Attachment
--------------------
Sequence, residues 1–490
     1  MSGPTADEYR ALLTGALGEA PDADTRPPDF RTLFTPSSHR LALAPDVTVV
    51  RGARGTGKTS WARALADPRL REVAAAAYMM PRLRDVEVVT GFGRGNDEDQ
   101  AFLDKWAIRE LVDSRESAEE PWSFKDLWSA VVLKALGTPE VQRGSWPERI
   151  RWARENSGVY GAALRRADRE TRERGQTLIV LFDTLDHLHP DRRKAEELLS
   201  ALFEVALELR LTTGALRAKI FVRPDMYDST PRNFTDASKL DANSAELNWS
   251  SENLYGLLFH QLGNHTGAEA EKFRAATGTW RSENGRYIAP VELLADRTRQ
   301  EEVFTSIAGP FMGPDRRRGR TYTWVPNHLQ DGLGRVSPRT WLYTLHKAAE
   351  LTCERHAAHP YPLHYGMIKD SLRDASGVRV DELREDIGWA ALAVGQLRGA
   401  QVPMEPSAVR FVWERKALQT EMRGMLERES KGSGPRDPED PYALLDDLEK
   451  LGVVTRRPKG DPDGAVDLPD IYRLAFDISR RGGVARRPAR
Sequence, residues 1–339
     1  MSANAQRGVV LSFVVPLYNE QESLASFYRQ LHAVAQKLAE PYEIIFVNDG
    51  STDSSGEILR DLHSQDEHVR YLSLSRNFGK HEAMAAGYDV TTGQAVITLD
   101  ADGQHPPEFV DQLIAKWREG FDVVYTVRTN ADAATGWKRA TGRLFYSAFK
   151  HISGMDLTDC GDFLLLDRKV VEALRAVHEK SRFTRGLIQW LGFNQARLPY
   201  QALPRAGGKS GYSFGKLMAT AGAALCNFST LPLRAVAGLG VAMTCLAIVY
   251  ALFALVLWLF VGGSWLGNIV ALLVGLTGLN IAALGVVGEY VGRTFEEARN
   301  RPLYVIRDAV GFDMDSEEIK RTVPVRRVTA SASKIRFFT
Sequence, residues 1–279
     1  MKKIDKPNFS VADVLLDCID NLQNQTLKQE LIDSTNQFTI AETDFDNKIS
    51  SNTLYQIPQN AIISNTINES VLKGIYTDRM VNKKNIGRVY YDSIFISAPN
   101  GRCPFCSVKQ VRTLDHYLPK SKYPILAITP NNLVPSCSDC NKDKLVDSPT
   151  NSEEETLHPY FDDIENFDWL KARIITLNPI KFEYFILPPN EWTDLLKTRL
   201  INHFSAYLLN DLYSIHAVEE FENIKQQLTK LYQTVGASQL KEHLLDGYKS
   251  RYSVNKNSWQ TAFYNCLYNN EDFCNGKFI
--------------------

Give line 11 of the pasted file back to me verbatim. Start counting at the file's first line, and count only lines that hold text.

   451  LGVVTRRPKG DPDGAVDLPD IYRLAFDISR RGGVARRPAR